Conducting Cylinder Bistatic Scattering

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This example demonstrates the accuracy of XFdtd for scattering from a finite conducting cylinder. The bistatic scattering pattern from an incident plane wave is computed at a single frequency.

The cylinder is considered perfectly conducting and measures 916 mm in length and 50 mm in diameter. The cylinder is oriented along the Y axis with an incident plane wave arriving from the +X direction as shown in Figure 1. The far field bistatic RCS pattern is computed in a circular arc surrounding the cylinder as shown as the red circle in Figure 1. The plane wave is shown as the yellow arrow at the right of the figure and the electric field is oriented along the axis of the cylinder. The input signal is a 10 GHz sinusoid.

Figure 1

The cylinder geometry is shown oriented along the Y axis. The incident plane wave is shown as a yellow arrow to the right. The red circle represents the far field pattern that will be computed in the XY plane.

 

The cylinder is meshed in an FDTD grid with a cell size of 2 mm which represents 15 cells per wavelength. The XACT Accurate Cell Technology meshing feature is used to map the FDTD mesh to the curved surface of the cylinder. A cross sectional view of the cylinder showing the mesh size and XACT curvature is shown in Figure 2.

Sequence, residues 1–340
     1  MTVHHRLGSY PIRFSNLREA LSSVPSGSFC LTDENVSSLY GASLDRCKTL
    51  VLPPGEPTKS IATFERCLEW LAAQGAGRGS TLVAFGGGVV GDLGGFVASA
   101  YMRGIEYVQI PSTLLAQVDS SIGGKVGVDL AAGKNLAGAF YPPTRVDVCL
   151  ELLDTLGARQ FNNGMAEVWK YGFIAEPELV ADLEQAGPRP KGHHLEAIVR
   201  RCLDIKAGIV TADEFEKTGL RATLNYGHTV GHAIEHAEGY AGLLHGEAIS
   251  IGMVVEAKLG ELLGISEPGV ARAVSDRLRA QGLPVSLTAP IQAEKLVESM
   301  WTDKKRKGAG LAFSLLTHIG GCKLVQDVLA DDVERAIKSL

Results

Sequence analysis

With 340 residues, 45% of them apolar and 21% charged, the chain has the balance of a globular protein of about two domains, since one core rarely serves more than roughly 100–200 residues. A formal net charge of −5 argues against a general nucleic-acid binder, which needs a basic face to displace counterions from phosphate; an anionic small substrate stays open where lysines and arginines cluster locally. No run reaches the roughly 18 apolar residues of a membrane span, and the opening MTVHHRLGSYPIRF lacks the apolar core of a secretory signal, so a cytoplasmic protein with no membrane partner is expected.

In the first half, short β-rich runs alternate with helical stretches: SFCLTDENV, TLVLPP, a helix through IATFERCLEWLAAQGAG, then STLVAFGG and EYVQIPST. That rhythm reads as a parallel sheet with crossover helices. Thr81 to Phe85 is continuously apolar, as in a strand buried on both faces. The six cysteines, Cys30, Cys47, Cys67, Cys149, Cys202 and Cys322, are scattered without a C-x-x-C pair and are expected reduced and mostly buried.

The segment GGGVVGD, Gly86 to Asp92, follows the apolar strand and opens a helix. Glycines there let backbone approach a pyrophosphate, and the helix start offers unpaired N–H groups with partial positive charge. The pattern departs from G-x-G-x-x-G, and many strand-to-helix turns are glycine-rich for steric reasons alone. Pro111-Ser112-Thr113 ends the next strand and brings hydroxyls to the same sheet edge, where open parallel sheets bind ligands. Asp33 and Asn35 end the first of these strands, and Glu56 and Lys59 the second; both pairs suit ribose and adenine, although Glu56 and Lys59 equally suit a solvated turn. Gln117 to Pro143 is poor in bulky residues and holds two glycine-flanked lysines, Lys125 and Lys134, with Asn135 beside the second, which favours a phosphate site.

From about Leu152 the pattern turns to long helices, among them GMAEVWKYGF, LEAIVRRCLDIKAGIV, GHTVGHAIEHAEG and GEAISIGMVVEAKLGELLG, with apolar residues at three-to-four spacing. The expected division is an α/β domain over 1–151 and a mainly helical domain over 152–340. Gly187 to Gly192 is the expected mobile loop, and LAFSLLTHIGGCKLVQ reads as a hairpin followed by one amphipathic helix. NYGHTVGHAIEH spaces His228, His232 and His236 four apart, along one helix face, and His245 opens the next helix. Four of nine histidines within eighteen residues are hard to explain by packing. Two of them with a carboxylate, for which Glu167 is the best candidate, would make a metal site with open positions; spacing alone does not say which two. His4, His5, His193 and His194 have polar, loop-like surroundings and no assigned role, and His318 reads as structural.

Figure 2

A cross sectional view of the FDTD mesh in 2mm resolution of the cylinder showing the XACT meshing at the curved surface of the cylinder.

 

The simulation is performed using the Total Field/Scattered Field formulation in the software and run on an NVIDIA Quadro 3000M GPU card in less than 15 seconds. The resulting bistatic scattering pattern in the forward direction is compared to measured results from a published paper [1] and shows very good agreement as may be seen in Figure 3. The full bistatic pattern is shown as a polar plot around the XY plane in Figure 4. Three dimensional views of the bistatic pattern are shown in Figures 5, 6, and 7.

Figure 3

The computed bistatic radar cross section compared with measured results for the forward scatter direction. Excellent agreement is found.

Figure 4

A full polar plot in the XY plane of the bistatic scattering pattern for the conducting cylinder.

 

Figure 5

A three-dimensional view of the bistatic scattering pattern shown from an angled viewing position.

Figure 6

A three-dimensional view of the bistatic scattering pattern shown in the XZ plane.

 

Figure 7

A three-dimensional view of the bistatic scattering pattern shown in the XY plane.

 

References

  1. R. A. Marr, U. H. W. Lammers, T. B. Hansen, T. J. Tanigawa, and R. V. McGahan, “Bistatic RCS Calculations From Cylindrical Near-Field Measurements—Part II: Experiments,” IEEE Trans. Antenna Propag., Vol. 54, Dec. 2006, pp. 3857-3863.